Five Myths about Child Hunger Programs in America

Posted by: Stacey McDaniel

More than 13 million children and teens live with food insecurity in the United States. That means that one in six youth don’t know where their next meal is coming from. When kids are hungry, they lack the energy they need to learn, play and thrive. Over time, child hunger can prevent kids from reaching their full potential in life.

Kids eating at a picnic table outside. The boy in the foreground is holding a strawberry in his hands.

In my work as an “Anti-Hunger Hero” for the YMCA, I’ve traveled to many communities across the country where food programs are inspiring staff and energizing youth. These programs are having transformational results. Yet, there are five reasons for not running a food program that I hear often from different communities. Turns out, they are myths and these seemingly insurmountable obstacles can be easily tackled.

So, let’s set the record straight!

MYTH #1. There are no hungry kids in our community.
Hunger exists in every community. Yet, it’s easily hidden. Nationally, one in six kids are hungry, but in many communities this number is higher. Many of us wear blinders when it comes to hunger that’s close to home. In fact, 78% of Americans agree hunger exists, but don’t think it impacts their community. See what hunger looks like in your zip code and be on the lookout for these signs to help determine if children you know are struggling.

MYTH #2. Other groups in our community are already addressing hunger.
Tackling child hunger calls for all hands on deck. Food banks are great at preparing meals, but they often struggle to provide enrichment activities that will attract and retain youth. Kids who may have limited access to transportation or feel shame around hunger need more than one option for accessing healthy meals and snacks throughout the day, especially in the summer.

MYTH #3. We don’t have a kitchen or space to prepare food.
No problem! Many Ys that I work with partner with a sponsor like a school or food bank to prepare the food or work with a vendor to serve room temperature, healthy options that don’t require a kitchen for preparation or significant refrigeration space. Many communities have overcome this common barrier! Check out our “super snack” dinner menus to see how.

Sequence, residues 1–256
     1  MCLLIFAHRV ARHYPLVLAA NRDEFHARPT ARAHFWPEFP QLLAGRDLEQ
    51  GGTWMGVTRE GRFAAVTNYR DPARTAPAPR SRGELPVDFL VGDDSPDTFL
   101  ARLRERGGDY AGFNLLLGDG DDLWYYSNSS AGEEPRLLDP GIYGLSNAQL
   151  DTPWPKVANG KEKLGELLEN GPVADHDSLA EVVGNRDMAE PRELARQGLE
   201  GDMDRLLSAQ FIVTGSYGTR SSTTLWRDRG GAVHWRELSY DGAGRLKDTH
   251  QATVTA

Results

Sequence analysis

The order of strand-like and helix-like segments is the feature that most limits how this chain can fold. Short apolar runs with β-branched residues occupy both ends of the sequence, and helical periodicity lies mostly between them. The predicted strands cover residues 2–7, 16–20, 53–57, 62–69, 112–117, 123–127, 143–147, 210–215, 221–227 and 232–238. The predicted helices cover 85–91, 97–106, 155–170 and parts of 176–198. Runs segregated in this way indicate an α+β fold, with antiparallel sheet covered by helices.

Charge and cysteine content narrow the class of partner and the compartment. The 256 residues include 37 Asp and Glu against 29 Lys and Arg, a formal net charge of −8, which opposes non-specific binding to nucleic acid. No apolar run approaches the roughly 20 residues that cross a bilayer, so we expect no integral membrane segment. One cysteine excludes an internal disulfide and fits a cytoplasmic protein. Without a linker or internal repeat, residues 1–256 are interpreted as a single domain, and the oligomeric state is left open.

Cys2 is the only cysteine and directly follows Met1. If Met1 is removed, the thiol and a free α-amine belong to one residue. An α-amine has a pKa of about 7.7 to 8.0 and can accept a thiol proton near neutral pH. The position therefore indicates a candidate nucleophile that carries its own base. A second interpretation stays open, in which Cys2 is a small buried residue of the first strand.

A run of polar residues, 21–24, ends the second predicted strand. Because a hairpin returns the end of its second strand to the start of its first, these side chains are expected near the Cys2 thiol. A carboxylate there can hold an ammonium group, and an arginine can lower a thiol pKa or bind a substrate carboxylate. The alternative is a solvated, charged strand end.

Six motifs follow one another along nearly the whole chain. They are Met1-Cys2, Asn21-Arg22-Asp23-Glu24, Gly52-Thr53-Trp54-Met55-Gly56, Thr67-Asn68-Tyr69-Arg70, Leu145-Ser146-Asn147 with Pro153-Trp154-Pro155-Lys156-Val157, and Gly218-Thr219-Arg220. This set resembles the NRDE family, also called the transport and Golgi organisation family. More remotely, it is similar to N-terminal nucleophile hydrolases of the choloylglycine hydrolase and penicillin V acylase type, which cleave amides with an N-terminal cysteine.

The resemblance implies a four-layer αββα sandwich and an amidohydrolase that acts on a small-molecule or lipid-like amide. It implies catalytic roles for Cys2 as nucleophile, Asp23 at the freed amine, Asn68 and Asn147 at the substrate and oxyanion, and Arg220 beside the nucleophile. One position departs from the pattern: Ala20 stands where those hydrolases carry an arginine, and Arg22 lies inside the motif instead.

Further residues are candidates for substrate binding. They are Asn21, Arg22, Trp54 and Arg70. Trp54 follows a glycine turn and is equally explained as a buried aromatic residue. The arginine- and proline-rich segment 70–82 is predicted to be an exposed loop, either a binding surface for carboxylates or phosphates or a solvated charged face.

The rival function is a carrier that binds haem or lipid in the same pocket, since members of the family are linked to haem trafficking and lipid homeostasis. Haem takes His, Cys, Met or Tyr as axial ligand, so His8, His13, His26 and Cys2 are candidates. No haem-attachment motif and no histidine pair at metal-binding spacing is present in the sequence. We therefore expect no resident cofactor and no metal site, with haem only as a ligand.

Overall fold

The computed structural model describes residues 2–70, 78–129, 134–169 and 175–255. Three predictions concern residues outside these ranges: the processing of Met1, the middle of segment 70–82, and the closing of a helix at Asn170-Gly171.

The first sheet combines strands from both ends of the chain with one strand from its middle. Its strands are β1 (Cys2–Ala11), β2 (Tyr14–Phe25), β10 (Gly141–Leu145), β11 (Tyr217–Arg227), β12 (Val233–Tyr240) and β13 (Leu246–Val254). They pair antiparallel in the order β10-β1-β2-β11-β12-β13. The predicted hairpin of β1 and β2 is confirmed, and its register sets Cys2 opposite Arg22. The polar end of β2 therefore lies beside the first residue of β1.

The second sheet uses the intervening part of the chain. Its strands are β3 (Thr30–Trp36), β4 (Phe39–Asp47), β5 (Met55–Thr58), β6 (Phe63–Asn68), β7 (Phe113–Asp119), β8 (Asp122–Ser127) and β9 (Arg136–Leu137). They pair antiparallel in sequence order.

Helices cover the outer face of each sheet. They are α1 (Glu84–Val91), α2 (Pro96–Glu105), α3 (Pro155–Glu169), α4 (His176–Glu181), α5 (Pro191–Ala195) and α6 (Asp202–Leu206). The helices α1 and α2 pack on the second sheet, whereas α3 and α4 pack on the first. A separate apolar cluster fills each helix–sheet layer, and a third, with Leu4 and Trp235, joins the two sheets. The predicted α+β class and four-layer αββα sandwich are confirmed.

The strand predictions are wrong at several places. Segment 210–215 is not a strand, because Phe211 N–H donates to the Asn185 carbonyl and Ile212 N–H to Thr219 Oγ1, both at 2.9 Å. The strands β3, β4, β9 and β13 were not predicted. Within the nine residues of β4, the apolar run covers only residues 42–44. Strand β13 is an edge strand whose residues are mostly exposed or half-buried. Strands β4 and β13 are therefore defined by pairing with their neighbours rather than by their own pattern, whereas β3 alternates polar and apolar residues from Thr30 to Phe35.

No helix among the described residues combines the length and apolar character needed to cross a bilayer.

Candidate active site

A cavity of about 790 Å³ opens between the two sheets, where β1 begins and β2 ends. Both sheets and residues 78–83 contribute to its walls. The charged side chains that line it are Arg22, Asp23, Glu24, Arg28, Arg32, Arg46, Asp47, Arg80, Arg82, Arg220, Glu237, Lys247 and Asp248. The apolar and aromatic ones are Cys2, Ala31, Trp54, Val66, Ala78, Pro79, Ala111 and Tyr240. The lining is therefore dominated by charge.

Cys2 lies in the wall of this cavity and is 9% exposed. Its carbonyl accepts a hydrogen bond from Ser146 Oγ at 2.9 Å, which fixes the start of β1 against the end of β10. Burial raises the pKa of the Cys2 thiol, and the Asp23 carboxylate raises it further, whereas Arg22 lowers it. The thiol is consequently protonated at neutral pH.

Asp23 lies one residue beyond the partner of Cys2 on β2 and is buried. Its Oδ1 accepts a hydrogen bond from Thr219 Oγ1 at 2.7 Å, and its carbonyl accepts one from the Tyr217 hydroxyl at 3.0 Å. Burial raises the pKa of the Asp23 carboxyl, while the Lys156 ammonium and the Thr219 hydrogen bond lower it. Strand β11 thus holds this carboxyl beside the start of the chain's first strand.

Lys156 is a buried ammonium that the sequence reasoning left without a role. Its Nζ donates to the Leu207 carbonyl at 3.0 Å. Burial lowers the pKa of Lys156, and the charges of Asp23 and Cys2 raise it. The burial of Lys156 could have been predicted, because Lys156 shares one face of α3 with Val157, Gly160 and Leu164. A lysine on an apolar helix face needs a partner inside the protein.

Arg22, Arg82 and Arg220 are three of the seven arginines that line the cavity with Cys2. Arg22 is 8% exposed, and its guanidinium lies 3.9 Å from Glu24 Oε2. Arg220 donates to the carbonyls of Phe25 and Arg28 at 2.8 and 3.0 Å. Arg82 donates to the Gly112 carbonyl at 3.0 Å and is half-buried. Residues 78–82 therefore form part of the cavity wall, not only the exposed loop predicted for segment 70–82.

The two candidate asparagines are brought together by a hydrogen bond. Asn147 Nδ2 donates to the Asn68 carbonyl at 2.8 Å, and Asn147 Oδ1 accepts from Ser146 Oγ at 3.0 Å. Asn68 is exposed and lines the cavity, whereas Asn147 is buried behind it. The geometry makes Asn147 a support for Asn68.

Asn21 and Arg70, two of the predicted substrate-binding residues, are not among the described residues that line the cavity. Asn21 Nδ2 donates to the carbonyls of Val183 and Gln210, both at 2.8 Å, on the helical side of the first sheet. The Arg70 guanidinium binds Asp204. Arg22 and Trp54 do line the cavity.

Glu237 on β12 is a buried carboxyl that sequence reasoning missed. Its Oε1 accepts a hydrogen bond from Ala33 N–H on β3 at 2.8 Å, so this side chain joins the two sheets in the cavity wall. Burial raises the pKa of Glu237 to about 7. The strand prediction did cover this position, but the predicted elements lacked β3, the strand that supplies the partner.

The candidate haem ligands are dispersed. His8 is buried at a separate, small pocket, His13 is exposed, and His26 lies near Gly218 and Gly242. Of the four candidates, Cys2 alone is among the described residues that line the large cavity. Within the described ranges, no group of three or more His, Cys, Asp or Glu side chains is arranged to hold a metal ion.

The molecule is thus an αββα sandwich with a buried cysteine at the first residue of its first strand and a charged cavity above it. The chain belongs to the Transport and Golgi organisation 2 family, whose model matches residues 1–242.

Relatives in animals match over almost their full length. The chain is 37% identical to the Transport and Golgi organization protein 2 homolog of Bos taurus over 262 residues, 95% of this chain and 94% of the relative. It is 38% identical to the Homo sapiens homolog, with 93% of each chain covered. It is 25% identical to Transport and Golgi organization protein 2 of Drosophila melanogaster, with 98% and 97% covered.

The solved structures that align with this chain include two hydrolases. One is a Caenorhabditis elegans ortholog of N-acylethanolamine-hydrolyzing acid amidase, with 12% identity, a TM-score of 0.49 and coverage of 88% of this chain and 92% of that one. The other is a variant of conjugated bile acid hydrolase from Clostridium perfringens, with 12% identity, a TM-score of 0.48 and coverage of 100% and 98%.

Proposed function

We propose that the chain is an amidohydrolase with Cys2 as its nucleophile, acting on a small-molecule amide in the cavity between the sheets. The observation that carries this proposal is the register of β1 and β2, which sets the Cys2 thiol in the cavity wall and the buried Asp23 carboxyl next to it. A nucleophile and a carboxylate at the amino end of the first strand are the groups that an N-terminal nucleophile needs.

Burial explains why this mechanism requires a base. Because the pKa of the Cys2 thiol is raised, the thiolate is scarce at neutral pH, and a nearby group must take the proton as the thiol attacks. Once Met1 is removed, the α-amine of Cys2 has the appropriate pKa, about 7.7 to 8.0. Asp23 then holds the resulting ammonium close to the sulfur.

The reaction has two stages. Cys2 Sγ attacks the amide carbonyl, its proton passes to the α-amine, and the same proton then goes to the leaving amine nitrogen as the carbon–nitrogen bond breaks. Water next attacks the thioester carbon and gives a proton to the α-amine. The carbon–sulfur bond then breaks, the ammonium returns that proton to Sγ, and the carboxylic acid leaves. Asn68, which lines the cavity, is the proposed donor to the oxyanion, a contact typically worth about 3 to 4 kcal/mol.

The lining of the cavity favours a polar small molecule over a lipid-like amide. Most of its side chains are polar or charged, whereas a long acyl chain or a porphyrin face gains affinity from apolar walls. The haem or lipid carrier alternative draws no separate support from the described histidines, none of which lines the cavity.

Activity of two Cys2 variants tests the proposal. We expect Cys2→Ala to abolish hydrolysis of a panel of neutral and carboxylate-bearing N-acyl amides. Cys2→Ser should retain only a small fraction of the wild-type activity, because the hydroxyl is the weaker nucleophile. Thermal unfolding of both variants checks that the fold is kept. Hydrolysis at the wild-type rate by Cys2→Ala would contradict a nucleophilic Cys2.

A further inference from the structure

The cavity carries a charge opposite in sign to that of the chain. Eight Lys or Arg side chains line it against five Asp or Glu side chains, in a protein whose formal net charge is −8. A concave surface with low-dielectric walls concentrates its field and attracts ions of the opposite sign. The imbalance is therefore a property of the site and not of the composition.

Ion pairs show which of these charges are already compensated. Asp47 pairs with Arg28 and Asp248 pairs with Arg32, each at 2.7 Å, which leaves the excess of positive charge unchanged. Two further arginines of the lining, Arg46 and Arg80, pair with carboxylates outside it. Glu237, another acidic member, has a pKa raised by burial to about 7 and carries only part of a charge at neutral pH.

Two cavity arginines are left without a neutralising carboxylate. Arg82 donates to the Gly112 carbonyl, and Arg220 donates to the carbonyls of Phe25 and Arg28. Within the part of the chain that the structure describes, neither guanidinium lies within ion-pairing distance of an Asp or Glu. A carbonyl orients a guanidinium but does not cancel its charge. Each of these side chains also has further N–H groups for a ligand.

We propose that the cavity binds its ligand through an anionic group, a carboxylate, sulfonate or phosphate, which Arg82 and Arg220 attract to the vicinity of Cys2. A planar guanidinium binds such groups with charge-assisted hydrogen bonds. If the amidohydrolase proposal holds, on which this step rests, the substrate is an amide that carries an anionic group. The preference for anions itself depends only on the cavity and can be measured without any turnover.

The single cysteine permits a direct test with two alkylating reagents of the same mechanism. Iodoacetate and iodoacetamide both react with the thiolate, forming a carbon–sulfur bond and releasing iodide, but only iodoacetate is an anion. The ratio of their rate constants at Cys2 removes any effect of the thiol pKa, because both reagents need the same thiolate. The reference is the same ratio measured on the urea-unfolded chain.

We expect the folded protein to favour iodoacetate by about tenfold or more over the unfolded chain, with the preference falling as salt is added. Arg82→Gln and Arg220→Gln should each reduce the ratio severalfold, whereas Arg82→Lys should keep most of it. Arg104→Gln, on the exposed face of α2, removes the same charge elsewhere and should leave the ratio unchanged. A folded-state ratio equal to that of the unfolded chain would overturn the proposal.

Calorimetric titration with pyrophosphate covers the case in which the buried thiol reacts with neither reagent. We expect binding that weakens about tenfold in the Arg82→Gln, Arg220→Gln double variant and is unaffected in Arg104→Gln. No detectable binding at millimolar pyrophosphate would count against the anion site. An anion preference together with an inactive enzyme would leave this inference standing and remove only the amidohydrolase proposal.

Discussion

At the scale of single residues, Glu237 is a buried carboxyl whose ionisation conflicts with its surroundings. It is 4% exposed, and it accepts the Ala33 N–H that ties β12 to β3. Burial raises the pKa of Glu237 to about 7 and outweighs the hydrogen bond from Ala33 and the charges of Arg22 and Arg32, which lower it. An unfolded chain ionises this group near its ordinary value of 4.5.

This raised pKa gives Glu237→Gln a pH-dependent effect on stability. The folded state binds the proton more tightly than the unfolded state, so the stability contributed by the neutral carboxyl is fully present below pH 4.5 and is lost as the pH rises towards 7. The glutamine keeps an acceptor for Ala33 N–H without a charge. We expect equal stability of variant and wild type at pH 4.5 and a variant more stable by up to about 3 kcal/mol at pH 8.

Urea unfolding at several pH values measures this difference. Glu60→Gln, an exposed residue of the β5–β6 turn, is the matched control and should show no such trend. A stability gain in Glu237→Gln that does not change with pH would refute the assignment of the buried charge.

MYTH #4. I looked into this, but got overwhelmed. I don’t know where to start!
For anyone seeking a quick and simple introduction to running a food program, we have step-by-step action steps available as well as peer mentor support! Send an email to be connected with a Y that has done this work successfully. You’ll receive a customized consultation and support along the way.

MYTH #5. Our leadership won’t support the program.
This is where you can be a change agent. We can provide support to empower your voice and make a compelling case for bringing a food program to your community. Our easy to use toolkit will help you present an informed case to appeal to your leadership, board members, and potential funders.

Ensuring kids have access to the nutrition they need to thrive connects directly to the YMCA mission across all three areas of focus: Youth Development, Healthy Living and Social Responsibility.

I can’t wait to help you provide this service to families in your community! And neither can the kids.

Looking for more tips and support?

Follow me on Twitter @StaceyMcDanielY and learn more about how #TheYFeedsKids

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Boy looking into empty refridgerator.

 

Kids at a picnic table with a girl eating an almond in the foreground.

 

People in a community garden with a girl holding a zucchini in the foreground.
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The YMCA is a nonprofit organization whose mission is to put Christian principles into practice through programs that build healthy spirit, mind and body for all.